Fires resulting from the catastrophic failure of lithium-ion batteries could be prevented with chemical additives, say researchers at Stanford University.
When lithium-ion batteries overheat, they can burn through internal pockets, burst into flames, and even explode. One reason such damage can occur is the formation of dendrites—finger-like deposits of lithium that can grow long enough to pierce the barrier between a lithium-ion battery's halves and cause it to short out.
Dendrites form when a battery electrode degrades and metal ions deposit onto the electrode's surface. Previously, scientists at Stanford developed a lithium-ion battery that can detect when dendrites start to puncture the barrier between its halves and warn that it needs to be replaced.
In their latest work, detailed in the 17 June online edition of the journal Nature Communications, the Stanford researchers used chemicals designed to prevent dendrite formation. These get added to the battery's electrolyte, the fluid in which electrons flow between the battery's electrodes.
One of the additives, lithium nitrate, has been researched for a long time as a way to boost battery performance. The other, lithium polysulfide, has been considered a nuisance; it forms when a sulfur electrode degrades and can wreck lithium metal electrodes. But together, these additives can synergistically react with lithium metal to form a stable coating that protects the electrode from further degradation.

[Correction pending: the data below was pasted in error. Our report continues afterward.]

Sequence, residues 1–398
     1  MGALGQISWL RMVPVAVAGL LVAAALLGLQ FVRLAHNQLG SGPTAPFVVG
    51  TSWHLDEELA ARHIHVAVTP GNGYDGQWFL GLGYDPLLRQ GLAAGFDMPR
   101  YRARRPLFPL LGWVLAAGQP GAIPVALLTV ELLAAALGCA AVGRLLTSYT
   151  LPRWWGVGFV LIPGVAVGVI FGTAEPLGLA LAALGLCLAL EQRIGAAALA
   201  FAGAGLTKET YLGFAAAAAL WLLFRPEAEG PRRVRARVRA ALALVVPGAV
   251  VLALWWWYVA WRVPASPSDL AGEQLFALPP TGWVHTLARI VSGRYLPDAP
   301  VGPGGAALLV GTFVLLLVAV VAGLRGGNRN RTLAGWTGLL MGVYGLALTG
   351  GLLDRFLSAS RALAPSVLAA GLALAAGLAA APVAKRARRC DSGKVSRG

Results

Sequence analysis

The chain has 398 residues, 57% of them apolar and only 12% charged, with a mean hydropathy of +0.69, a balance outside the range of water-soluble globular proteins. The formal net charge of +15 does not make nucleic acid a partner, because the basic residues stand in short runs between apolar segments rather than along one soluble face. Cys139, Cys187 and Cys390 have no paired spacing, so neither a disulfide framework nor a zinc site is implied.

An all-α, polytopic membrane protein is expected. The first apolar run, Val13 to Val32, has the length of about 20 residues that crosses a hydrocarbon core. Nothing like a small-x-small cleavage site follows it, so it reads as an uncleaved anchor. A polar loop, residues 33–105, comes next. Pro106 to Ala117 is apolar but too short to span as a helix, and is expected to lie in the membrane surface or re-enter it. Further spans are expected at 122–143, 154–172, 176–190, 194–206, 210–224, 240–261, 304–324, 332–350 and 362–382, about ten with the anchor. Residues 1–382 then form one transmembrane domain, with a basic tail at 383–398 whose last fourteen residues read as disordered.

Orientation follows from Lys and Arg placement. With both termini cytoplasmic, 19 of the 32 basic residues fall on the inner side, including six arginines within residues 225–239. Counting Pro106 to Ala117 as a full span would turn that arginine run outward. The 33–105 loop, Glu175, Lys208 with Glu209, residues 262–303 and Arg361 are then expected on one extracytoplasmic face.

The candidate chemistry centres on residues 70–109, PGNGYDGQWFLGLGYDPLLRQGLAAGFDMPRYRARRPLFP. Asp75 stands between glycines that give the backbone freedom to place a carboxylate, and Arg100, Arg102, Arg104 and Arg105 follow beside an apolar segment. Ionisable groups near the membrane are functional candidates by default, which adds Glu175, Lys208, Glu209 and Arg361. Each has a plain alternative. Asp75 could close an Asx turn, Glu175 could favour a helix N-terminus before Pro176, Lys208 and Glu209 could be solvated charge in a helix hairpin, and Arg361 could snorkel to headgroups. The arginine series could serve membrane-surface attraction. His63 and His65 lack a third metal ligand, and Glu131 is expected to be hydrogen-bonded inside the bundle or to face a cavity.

In experiments with coin cell batteries similar to the ones that power calculators and watches, the additives prevented dendrite formation, with harmless pancake-like deposits forming instead. Such batteries could operate at 99 percent efficiency after more than 300 charge-discharge cycles, compared with less than 92 percent efficiency after 180 cycles for batteries doped with only lithium nitrate.
This approach could help remove a major barrier to developing lithium-sulfur and lithium-air batteries, which can store up to 10 times more energy per unit mass than batteries now used in consumer electronics and electric cars, but have a tendency to form dendrites. It may also work for batteries made with metals such as magnesium, calcium, or aluminum, which also could store much more energy than today's batteries.
Charles Q. Choi is a science reporter who contributes regularly to IEEE Spectrum. He has written for Scientific American, The New York Times, Wired, and Science, among others.